First-aid debate over whether the ‘kiss of life’ is right or wrong

British Heart Foundation explains the aim of its new advertising campaign after fears it could give the wrong message



First aid is a vital skill every parent should have. You never know when you may need to treat a wound or burn, help a child who’s choking or even resuscitate a baby or child who’s not breathing. But of course, not every parent has first aid skills.

In its new TV advert, the British Heart Foundation (BHF) aims to give confidence to those with absolutely no first aid training – particularly those who might be put off trying to help because they don’t know how to give mouth-to-mouth resuscitation.

The BHF advert stars ex-footballer and actor Vinnie Jones and recommends using hands-only CPR in cases of cardiac arrest. The charity has been criticised by a first aid group, First Aid for Life, claiming the ad suggests the “kiss of life” is unnecessary.

“Hands-on CPR is only helpful if the person has had a cardiac arrest following a heart problem as they will still have residual oxygenated blood in their system,” says a statement from First Aid For Life. “If it is a child or someone who has drowned they need rescue breaths alongside the compressions to re-oxygenate their blood.”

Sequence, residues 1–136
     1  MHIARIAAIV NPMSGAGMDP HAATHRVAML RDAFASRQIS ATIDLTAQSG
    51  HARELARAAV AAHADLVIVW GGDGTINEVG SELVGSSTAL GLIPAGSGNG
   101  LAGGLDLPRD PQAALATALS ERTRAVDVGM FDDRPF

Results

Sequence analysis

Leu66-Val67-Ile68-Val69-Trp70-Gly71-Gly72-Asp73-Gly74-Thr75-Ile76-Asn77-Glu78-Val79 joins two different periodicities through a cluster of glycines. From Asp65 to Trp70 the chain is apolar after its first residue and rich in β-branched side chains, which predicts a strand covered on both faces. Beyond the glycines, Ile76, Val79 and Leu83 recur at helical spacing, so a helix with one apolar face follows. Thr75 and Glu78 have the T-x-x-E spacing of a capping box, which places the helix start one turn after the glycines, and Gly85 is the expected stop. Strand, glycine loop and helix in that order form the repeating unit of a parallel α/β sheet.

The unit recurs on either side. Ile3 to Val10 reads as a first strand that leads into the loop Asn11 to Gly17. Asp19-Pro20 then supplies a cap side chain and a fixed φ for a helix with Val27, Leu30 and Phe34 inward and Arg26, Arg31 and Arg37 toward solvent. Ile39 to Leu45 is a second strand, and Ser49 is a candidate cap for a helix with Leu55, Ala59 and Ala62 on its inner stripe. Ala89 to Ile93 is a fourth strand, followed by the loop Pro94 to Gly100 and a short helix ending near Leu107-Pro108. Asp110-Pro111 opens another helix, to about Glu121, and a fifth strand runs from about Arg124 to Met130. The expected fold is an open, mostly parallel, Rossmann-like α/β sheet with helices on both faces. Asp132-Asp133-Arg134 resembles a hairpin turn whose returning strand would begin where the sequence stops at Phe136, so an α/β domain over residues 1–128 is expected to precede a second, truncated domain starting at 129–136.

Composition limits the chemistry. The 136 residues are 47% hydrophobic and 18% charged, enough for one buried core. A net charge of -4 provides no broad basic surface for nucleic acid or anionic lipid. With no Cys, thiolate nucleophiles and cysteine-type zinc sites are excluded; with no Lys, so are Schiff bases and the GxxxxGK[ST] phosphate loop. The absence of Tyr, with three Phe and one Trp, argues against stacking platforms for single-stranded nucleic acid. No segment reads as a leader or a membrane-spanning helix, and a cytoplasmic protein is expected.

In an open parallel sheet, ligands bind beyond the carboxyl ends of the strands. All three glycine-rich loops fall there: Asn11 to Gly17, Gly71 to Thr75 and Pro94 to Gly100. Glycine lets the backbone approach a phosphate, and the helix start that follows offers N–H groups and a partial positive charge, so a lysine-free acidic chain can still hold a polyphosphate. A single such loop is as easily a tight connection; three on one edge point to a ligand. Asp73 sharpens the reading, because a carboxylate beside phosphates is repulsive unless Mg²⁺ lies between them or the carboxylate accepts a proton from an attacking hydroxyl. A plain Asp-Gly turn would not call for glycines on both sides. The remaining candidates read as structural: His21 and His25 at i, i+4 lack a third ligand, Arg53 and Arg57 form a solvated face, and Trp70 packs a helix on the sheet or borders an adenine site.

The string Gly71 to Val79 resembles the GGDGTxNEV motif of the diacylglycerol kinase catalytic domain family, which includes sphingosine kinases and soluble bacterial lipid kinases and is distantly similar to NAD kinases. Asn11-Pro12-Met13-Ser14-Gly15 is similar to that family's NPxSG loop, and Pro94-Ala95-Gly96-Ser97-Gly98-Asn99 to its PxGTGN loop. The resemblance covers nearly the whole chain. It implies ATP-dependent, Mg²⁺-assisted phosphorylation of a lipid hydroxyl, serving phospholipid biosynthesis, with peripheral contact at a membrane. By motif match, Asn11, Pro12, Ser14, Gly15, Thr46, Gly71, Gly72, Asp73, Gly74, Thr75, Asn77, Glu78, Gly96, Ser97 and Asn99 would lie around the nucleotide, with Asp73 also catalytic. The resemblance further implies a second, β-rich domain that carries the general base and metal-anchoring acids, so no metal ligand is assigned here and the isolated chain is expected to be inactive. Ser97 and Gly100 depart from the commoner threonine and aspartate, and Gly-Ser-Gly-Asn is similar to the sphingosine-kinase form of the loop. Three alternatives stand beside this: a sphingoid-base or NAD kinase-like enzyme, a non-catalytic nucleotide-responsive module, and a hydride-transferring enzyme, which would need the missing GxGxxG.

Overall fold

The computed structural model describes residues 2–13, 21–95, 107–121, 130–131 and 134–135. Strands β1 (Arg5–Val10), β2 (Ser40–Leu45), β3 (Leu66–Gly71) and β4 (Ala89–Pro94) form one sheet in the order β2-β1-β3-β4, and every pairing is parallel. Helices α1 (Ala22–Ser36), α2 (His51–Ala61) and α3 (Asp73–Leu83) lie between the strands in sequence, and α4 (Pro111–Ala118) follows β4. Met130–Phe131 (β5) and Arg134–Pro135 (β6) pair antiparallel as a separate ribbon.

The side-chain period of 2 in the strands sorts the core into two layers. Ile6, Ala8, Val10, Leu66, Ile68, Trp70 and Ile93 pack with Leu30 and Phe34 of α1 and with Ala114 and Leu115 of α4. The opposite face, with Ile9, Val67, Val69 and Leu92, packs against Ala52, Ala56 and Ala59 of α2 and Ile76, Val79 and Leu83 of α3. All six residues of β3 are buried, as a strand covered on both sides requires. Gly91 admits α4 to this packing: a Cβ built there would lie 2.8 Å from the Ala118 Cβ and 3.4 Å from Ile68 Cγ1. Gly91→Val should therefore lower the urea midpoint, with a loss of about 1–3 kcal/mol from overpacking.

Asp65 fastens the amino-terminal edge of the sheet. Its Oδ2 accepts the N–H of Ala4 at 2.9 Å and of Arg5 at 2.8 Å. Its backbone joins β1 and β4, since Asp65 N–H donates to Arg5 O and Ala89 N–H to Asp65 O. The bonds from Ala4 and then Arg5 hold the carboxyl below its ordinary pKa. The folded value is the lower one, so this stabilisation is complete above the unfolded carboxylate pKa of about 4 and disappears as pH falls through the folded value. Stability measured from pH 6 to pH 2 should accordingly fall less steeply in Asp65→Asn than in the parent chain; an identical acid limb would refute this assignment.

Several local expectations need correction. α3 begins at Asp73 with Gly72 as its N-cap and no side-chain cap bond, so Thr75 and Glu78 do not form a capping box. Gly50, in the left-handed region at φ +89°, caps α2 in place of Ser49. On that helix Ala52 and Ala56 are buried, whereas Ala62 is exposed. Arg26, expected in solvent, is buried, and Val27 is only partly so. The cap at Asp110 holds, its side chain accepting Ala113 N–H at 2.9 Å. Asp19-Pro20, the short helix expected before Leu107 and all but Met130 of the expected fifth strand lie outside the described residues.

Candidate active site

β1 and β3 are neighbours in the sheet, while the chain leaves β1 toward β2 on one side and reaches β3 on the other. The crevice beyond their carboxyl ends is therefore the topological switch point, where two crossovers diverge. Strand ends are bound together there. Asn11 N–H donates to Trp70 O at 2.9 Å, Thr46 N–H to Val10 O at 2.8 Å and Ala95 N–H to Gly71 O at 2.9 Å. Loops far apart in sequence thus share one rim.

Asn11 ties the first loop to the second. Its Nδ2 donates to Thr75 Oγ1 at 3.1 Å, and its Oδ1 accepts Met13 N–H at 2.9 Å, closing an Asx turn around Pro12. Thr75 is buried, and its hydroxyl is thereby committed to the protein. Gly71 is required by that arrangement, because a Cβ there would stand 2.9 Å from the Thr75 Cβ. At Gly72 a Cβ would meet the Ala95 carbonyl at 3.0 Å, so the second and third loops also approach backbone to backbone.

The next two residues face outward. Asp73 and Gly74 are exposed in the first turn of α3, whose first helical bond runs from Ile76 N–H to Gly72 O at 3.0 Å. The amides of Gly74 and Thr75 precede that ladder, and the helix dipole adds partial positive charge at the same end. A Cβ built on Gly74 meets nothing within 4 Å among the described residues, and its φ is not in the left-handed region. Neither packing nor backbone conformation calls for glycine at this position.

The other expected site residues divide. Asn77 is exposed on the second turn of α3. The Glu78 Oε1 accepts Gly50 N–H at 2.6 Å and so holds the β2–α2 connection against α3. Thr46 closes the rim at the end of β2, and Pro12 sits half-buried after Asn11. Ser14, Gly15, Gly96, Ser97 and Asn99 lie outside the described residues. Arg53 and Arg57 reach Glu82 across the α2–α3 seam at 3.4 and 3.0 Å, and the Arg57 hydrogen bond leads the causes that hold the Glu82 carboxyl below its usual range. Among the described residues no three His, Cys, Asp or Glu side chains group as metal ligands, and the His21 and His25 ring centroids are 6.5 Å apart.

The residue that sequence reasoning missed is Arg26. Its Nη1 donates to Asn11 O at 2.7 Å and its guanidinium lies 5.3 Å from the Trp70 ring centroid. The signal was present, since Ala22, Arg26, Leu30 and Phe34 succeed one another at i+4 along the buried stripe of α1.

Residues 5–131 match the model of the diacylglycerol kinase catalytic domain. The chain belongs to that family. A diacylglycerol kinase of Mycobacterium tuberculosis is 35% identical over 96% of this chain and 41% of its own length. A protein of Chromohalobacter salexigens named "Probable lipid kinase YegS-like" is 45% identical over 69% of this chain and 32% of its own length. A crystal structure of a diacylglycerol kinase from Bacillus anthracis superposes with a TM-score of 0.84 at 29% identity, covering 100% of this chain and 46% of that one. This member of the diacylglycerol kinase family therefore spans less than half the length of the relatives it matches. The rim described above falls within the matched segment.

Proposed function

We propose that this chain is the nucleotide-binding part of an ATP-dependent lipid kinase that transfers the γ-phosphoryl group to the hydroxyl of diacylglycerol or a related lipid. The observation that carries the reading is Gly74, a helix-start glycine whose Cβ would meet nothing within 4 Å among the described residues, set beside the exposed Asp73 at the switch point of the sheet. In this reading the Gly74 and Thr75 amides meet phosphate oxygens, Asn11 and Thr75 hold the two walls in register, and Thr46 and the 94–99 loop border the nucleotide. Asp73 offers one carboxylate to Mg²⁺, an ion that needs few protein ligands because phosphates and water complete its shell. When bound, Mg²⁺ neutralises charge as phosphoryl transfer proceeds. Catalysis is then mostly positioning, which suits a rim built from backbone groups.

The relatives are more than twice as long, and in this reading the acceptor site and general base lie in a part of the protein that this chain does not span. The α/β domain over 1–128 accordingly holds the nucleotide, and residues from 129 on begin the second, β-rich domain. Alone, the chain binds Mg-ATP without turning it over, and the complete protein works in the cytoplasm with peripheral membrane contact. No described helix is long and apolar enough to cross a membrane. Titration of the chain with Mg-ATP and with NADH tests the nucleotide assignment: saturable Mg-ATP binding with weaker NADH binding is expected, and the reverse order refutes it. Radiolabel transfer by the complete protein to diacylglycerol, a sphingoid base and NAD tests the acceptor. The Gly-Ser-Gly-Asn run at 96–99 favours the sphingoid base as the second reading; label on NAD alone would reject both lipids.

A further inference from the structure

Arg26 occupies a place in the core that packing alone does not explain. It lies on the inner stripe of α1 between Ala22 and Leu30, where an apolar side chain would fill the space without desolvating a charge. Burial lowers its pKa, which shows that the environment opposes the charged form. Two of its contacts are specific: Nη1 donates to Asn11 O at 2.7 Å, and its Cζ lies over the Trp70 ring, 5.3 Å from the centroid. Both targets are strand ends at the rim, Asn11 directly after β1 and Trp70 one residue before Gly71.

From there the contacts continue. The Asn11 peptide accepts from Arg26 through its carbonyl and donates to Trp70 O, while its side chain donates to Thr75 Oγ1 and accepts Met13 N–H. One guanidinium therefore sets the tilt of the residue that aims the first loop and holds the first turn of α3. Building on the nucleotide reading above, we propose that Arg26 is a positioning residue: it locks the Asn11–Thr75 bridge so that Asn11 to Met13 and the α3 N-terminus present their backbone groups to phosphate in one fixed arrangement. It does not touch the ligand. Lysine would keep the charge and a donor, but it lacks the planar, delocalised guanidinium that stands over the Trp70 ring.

When MadeForMums raised this with the BHF, we were told that the aim of the advert wasn’t to say don’t use mouth-to-mouth (or rescue breaths as it’s officially called) but if you’re nervous about giving rescue breaths, chest compressions may still save a life.

“Rescue breaths are the gold standard,” said BHF press officer Rosa Pilcher. “But the advert is designed to encourage people with no training whatsoever to do chest compressions; people who might otherwise be put off and stand back.”

A BHF poll showed that nearly 50% of people are put off helping in a situation requiring CPR because of a lack of knowledge. People are also sometimes worried about the ‘intimacy’ of giving someone mouth-to-mouth and the hygiene aspects.

“Hands-only CPR should give lots of people the confidence and know-how to help save someone in cardiac arrest, the ultimate medical emergency,” Ellen Mason, a senior BHF nurse sums up. “By giving someone hard, fast and uninterrupted chest compressions, this can be more effective than stopping regularly in order to give ineffective rescue breaths.”

The key is clearly to be confident about these fairly simple first aid skills. To find your nearest class, take a look in your local MFM neighbourhood.

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